Monday, September 21, 2015

Sidney Dominitz (1941 - 2015)

With son Zach 1985

 At poker 2005

With my father at Sid's BD party 2012

Sidney Dominitz, a revered teacher, editor and environmentalist, died Sept. 12, 2015 of complications from a heart condition. He was 74.

A fixture on the North Coast for roughly 40 years, Sid is remembered as a man whose sharp wit and warm heart spilled through his editing pen as he improved the work of those around him. A born copy editor, he devoted nearly three decades of his life to editing the Northcoast Environmental Center’s EcoNews, using his mastery of the English language and wealth of newspaper experience to fight for the forests, waterways and wildlife he loved.

The second child born to Wolf and Blanca Dominitz in New York City, Sid arrived in Humboldt County in 1976 and became captured by its rugged coastal beauty and counter-culture spirit. He joined the NEC as one of its only paid staff members that year, and went on to found its coastal cleanup programs and take EcoNews from a nonprofit newsletter to a respected environmental advocacy newspaper with a circulation of 8,500. Sid also became one of NEC Executive Director Tim McKay’s most trusted advisors. While it was McKay’s voice that became one of Humboldt’s most influential, his message always benefitted from Sid’s input and editing.

In 1978, Sid began lecturing at Humboldt State University, where he shared the knowledge picked up in his 11 years working as a newspaper editor, including six spent as the chief copy editor for Reuters’ London bureau. In the classroom, he developed a reputation as tough, demanding teacher, prone to telling underperforming students to pursue careers in the food service industry instead of journalism. The gruff classroom persona was never inherently mean or narcissistic; Sid just loved journalism too much and saw it as too important to be done poorly or ceded to people irreverent of its power. To students serious about mastering the craft, Sid gave his time generously, often continuing to do so long after they’d left his charge.

Those close to him will remember Sid for the passion that ran through every aspect of his life, whether it was editing pen in hand, on the basketball court, in the classroom, at the poker table or in his friendships; and for his rare mix of realism soaked in anti-corporate, anti-capitalist, anti-bureaucratic sentiment. But as long as you didn’t catch him at the lectern or his editing table, Sid exuded warmth and kindness, especially with children, with whom he had a gift for fostering special and quick connections.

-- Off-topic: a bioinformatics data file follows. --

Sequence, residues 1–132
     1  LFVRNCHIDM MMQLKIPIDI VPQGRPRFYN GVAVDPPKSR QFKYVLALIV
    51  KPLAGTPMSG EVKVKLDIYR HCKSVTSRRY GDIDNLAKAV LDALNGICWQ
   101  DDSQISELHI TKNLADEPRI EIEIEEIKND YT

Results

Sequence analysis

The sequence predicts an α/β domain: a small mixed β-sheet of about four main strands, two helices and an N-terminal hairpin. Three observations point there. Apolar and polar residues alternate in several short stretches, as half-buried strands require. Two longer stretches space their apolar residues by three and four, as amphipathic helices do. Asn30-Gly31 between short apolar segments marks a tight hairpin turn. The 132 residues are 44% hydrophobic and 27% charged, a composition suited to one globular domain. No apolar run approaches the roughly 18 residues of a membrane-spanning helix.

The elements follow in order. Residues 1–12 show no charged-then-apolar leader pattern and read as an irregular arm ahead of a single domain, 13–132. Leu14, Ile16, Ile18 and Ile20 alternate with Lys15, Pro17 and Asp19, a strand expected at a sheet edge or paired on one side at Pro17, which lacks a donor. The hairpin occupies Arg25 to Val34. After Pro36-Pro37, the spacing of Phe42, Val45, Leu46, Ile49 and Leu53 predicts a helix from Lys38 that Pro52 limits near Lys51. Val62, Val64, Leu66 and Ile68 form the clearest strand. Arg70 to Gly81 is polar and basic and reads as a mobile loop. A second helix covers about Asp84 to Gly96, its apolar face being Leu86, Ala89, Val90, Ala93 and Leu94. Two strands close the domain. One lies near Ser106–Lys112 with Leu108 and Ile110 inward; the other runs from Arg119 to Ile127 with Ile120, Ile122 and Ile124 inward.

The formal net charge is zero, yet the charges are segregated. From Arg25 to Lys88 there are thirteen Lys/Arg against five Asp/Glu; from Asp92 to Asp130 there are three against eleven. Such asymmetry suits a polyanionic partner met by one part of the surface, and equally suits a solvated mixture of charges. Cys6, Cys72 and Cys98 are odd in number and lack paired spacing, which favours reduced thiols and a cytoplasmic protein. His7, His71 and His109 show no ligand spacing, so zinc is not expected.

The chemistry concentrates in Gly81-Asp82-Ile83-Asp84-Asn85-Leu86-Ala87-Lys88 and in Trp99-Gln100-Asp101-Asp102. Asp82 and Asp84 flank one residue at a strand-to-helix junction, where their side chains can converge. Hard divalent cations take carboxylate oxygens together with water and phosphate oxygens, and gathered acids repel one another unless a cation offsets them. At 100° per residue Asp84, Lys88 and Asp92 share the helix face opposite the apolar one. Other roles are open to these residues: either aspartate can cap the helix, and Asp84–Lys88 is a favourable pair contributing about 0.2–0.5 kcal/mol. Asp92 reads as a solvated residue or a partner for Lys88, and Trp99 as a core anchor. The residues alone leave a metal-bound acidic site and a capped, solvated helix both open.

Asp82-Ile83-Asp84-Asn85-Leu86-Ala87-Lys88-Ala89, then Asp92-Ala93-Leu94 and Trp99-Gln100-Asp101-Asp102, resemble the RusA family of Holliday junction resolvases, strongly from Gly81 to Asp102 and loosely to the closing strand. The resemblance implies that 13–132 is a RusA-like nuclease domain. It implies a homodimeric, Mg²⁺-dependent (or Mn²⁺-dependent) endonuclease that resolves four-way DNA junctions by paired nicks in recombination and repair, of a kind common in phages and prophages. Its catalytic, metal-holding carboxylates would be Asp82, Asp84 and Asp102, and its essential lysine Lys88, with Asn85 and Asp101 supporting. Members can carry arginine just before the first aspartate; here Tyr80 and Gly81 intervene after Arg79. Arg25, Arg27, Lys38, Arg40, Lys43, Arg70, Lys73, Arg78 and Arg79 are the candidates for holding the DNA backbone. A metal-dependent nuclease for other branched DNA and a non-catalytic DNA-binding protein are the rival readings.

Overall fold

Sid is survived by his son, Zachary, whom he cherished, his older brother, Henry, and his ex-wife, Sydelle Lapidus. A ceremony honoring his life will be held at 2 p.m. on Sept. 19 at the Trinidad Cemetery. In lieu of flowers, the family asks those who feel compelled to make a donation to the NEC or plant a tree in his honor.

 (Special thanks to Sid's former student Thad Greenson for crafting this obituary)

A video of Sid's memorial and the celebration of his life that followed, by documentary filmmaker Eileen McGee is available online:

Read more here:

and RE Tim McKay, here:

and RE John Ross here:

...back together again.


By Jerry Martien.

(Read as eulogy at his memorial service)

Nature’s Editor

— for Sid 

a misplaced comma
a hastily chosen word
there goes your favorite beach

it matters that much

I used to refer to him as Sid the Knife. Not that he needed a knife, or even the red pen. He did it with words. Added words. Revised words. Deleted words. Now you hear it. Now you understand it. Like a magician, an editor shows you the cards you were holding.

the news flows from wild nature
the morning edition at your doorstep with the sun
in the evening you read it on the beach 
it rarely gets into print

He and John Ross got into huge arguments about articles John submitted to Econews. John would go through hell for a byline, and sometimes that became the story. He was a jazz poet and a pamphleteer, and like many of us he learned at the Econews to be a reporter. Your editor is your dear friend.

accuracy is learned from nature
every word exactly where it’s supposed to go
every sharp tooth, every eye
looking out for strays

When my five-year-old granddaughter was visiting I introduced her to Sid. She was still talking baby talk, not ready to give up infancy. The family was letting her grow out of it. But he mercilessly made fun of her r’s that sounded like w’s, mimicked her till she had to laugh. Next time I saw her she was talking like the rest of us. Your editor is the crazy uncle who can say things no one else will tell you.

an unreported wolf or mountain
is a dead wolf, a treeless mountain
in the Econews
they at least had half a chance

it matters that much

He and John were the last prophets, wandering in the land of the lumberjacks. They had an editorial comment for every rock and tree and bird. Sid’s jokes were often puns, some real groaners. When he heard a juice bar had opened in Arcata, “At last,” he said, “a place of our own.” An editor knows the absurdity of language. It’s all made up. Every word gets deleted. Every day is a rewrite.

in a wilderness not of our devising
we live by compassion and wit and accurate reporting

One September afternoon I followed the obits from the Trinidad cemetery along Stagecoach Road and down to the beach. From there I floated out to the downstream end of the world, where they say the news is always good. Food and card games and dancing. I was long past deadline and way over on my word count. Sid was already there. Your editor is the first person you meet in heaven.

Jerry Martien